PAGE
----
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AG Cooper busts health discount scam

Release date: 9/22/2005

Health benefit program doesn’t deliver promised discounts, says Cooper

Raleigh: A health benefit program that promised steep discounts on doctor’s visits and drugs but failed to deliver must stop pitching their program to North Carolina consumers, Attorney General Roy Cooper said today.

“North Carolina families thought they were getting something like insurance that would help them cope with health care costs,” said Cooper. “But the plans these telemarketers sold turned out to be worthless, and the discounts they promised evaporated.”

Wake County Resident Superior Court Judge J.B. Allen today granted Cooper’s request to temporarily stop National Healthcare Association, Inc. of Houston, Texas from pitching its healthcare discount program in North Carolina. Cooper is seeking to permanently put a stop to the company’s unfair and deceptive business practices and to bar the firm from making illegal telemarketing calls in the state.

In addition, the Attorney General is asking the court to order National Healthcare to reveal the names of its North Carolina customers and pay them refunds. Cooper’s suit also asks the court to require National Healthcare to pay civil penalties for both illegal telemarketing and deceptive business practices.

According to Cooper’s suit, National Healthcare made illegal pre-recorded sales calls to people in North Carolina to market a plan that the company said would provide big discounts on medical care. Sales representatives told consumers that the plan included insurance-like benefits such as 60% off the cost of doctor’s visits, 60% off prescription drugs, and 80% off of hospital stays. Consumers were also told that they could use the discount at any doctor and could cancel for a full refund within 30 days.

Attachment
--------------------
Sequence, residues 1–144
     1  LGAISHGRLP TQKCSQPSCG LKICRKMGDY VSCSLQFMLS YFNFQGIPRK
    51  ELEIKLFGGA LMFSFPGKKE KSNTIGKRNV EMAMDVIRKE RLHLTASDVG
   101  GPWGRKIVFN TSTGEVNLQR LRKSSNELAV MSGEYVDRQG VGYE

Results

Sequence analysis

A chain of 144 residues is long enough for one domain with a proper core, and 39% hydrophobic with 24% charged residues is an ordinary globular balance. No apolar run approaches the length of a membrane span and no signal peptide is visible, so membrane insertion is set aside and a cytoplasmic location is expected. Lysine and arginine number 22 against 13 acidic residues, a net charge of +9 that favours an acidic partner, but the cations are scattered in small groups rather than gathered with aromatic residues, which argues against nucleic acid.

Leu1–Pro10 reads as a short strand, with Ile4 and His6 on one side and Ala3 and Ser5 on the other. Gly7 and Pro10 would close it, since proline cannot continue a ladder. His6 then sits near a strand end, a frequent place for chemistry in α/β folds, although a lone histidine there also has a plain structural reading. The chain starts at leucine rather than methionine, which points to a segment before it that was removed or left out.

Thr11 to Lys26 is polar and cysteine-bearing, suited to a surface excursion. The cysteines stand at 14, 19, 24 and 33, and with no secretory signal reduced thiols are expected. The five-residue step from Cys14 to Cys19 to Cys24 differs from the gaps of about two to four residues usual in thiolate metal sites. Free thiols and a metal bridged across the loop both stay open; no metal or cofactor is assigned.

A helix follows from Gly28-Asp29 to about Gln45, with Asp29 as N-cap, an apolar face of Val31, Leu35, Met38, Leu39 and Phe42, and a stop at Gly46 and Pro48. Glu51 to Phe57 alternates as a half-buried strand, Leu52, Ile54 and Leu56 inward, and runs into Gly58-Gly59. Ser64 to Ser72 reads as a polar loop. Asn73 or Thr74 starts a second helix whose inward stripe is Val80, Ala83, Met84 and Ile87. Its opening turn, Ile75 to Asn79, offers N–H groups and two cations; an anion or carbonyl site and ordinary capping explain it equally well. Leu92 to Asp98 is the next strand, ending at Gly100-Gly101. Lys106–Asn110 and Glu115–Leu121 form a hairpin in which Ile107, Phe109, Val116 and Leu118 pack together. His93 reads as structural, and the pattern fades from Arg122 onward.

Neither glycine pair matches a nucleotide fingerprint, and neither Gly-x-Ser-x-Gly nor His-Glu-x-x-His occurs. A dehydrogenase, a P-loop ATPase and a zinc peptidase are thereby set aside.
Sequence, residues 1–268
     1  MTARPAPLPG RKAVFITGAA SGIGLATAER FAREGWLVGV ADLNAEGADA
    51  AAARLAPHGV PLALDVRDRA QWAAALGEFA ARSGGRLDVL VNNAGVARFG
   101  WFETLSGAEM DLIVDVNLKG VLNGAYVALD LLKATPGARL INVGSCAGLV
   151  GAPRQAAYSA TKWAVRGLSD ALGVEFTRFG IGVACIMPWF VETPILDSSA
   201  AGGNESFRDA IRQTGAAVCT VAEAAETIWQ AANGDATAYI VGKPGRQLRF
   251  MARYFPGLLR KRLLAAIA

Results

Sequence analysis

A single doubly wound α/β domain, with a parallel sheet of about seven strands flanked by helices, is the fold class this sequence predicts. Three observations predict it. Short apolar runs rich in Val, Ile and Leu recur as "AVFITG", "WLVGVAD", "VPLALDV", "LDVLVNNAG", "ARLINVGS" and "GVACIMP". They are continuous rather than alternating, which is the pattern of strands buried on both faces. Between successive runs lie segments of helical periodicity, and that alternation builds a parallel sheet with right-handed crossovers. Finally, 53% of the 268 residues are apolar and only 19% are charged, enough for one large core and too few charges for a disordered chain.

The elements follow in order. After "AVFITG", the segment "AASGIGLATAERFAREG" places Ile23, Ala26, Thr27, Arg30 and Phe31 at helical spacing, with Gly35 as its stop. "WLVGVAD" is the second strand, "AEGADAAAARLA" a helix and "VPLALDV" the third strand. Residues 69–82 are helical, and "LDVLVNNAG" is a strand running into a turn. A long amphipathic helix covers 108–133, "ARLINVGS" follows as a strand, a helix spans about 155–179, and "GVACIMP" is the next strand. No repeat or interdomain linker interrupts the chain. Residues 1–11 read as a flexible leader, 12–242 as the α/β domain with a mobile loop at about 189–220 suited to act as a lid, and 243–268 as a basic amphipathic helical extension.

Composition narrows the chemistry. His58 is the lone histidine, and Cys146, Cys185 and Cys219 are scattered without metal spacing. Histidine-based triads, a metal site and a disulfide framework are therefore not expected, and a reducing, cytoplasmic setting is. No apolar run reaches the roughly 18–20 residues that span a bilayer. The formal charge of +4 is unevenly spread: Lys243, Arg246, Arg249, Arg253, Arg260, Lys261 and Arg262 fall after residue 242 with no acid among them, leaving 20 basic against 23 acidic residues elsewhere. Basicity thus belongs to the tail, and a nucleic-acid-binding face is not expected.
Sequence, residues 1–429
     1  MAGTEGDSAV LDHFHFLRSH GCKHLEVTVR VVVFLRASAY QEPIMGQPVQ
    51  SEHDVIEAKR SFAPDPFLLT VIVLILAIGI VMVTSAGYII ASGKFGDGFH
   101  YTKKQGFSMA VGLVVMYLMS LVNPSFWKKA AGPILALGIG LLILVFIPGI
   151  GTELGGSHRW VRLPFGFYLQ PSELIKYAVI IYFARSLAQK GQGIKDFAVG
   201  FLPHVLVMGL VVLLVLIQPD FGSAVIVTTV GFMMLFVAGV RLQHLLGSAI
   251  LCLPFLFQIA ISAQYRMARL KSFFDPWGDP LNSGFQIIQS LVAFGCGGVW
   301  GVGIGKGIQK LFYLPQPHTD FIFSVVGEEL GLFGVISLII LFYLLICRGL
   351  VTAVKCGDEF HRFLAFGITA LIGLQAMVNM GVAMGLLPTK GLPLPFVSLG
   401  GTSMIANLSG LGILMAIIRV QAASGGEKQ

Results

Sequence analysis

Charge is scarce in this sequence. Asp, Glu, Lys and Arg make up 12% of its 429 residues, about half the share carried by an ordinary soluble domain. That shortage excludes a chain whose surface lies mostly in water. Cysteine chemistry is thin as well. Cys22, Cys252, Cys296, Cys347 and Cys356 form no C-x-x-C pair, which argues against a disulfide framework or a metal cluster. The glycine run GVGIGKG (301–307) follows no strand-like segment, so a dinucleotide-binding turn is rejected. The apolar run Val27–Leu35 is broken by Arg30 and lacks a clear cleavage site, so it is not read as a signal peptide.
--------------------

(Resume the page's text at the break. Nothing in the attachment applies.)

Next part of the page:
As alleged in the complaint, a consumer protection specialist with Cooper’s office posing as a potential customer was told that the National Healthcare’s network included nine out of every ten doctors, had 2,700 employees and 2.6 million members nationwide. The sales representative described the program as “like a hybrid car” because it was half a discount plan and half an insurance plan that would cover a family of four for $99 a month plus a sign-up fee of $90.

Despite the company’s claims, Cooper contends that the program does not work like a health insurance plan and the vast majority of doctors, hospitals and pharmacies do not offer any discounts to National Healthcare customers.

“Be skeptical of pitches that are long on promises of health care savings but short on specifics,” Cooper cautioned consumers. “If you’re considering a health discount plan, find out how it will work with your insurance, and whether or not your doctor and pharmacy will honor it.”

[Services provided by MCPA have been transferred to the Health Insurance Smart NC Program.].